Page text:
GSV

4800 Los Feliz Blvd, where Sarah Bixby Smith Smith lived with Paul Jordan-dash-Smith ca 1927-1932.

Last edited by GaylordWilshire; Mar 9, 2013 at 8:15 PM.
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  #13096  
Old Posted Mar 9, 2013, 5:37 PM
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Great story GW. I dont know if this was posted before but since were in the last days of winter here is a nice pic of San Marino.


Photo by PEHS

And here is a super cool then and now of Mt Lowe


Photo by PEHS
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  #13097  
Old Posted Mar 9, 2013, 6:23 PM
Godzilla Godzilla is offline
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Quote:
Originally Posted by unihikid View Post
Great story GW. I dont know if this was posted before but since were in the last days of winter here is a nice pic of San Marino.
= http://forum.skyscraperpage.com/show...postcount=8027


1938 - Post Advocate Bldg., Alhambra (Irving Place? Is it still there?)

Lapl



Alhambra City Hall - of Yesteryear. No date

google
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  #13098  
Old Posted Mar 9, 2013, 6:48 PM
ProphetM ProphetM is offline
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Quote:
Originally Posted by westcork View Post
Someone has attached a canopy to his truck to mimic a covered wagon probably for the Desert Circus week held March 13-19 in 1939. This annual event, which started in 1931, included parades, old west activities and parties. The truck is parked in front of the Palms Springs Drug and Import Company located at 160 North Palm Canyon Drive. Notice the postcard and newsstand racks by the open door.

LAPL

That conversion was made from a 1937 Willys. They've cut down/modified the windshield surround, and the doors are also not original.
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  #13099  
Old Posted Mar 9, 2013, 8:12 PM
DouglasUrantia DouglasUrantia is offline
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My head is spinning

Quote:
Originally Posted by GaylordWilshire View Post
LAT


An L.A. native friend of mine once told me she was moved by Joan Didion's Where I Was From (wonderful book) to look a little closer at all the California mythology she grew up with--what it really was like, for instance, in the days of the Californios, who, apparently, weren't too bright, certainly not well educated, slovenly in the eyes of coming Easterners, patriarchal of course--their power came from owning vast swathes of land, which gave some of them a royalty complex. The image of Sarah Bixby Smith (Adobe Days) is that of an old librarianesque nostalgician, but, having plenty of money, her own sense of importance, and her complicated love life and involvements with various Reverend Smiths made her a little interesting than that.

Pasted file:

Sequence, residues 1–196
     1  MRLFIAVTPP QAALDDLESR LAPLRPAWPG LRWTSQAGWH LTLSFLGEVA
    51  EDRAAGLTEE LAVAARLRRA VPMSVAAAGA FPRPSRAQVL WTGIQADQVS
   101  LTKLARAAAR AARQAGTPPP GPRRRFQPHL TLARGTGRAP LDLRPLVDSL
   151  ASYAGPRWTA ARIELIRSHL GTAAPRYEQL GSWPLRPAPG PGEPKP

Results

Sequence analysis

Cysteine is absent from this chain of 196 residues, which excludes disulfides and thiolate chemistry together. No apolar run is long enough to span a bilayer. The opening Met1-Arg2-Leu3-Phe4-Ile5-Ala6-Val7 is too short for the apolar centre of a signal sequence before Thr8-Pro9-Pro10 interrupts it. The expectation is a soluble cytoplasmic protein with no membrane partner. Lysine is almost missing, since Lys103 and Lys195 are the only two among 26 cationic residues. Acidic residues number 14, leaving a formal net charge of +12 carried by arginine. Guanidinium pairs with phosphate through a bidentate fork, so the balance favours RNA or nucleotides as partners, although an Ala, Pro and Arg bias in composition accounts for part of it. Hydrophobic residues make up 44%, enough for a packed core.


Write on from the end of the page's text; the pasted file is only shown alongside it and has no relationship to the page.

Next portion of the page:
Her first husband, Rev Arthur Maxson Smith, father of their four children, never met a gal he didn't want to shag (coeds in his charge, au pairs and boarders in his own house--he liked to joke about becoming a Mormon). Eventually, after setting up a girlfriend (a Miss Giffen, the boarder) in an apartment in New York and sleeping with her in every hotel in L.A., passing himself off when convenient as her husband, all the while married to Sarah, he was busted and divorced ensued. While still married the Arthur--before the final decree came down, at least--it seems that Sarah hit the sheets with her next dog-collared Smith, one Rev Paul Jordan Smith, who was coming off his own scandalous divorce and who later added the pretentious hyphen to his name to avoid confusion with yet another Rev Smith (with whom, it seems, Sarah did not sleep). Anyway, Sarah's exploits and connections to a fast crowd make for semi-interesting reading; the story of Paul Jordan-dash-Smith's presumption to know better than others what made good art and his hoax along those lines is sort of amusing, especially since he seems at some point to have given up the dog collar and gotten used to the superiority, respectability, and lush life Sarah's money allowed him.

GSV

4800 Los Feliz Blvd, where Sarah Bixby Smith Smith lived with Paul Jordan-dash-Smith ca 1927-1932.
I read your delightful post Mr Wilshire but I must confess that at the end I was totally confused by the endless bed-hopping. Its not your fault at all. I suppose a huge graphic with photos, lines and arrows might make it more clear but to what point. Let's just say these people were real pros at committing serial adultery. Their 'lives' were really one faux honeymoon after another.


Lovely Deodar pines in the parkway at the right. They're basically native to India.
The stately Los Feliz home of the Smith entourage. The aerial view shows there is a large pool and tennis court.


Google SV.

Last edited by DouglasUrantia; Mar 10, 2013 at 12:06 AM.
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  #13100  
Old Posted Mar 9, 2013, 9:06 PM
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GaylordWilshire GaylordWilshire is offline
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Well, it was Sarah's first Smith who seems to have done most of the bedhopping. Second husband "Dash" may have been less randy, but he was 14 years younger than Sarah...and they did divorce sometime after Adobe Days came out. Seems like the two Reverend Smiths might have really liked her more for her money than anything else.

She died on September 13, 1935, at age 64, reportedly of food poisoning.


Btw, another, less-heralded volume if old-SoCal reminiscences is John Hyde Braly's Memory Pictures, An Autobiography, available to read online here. With a little more here....

Last edited by GaylordWilshire; Mar 9, 2013 at 9:16 PM.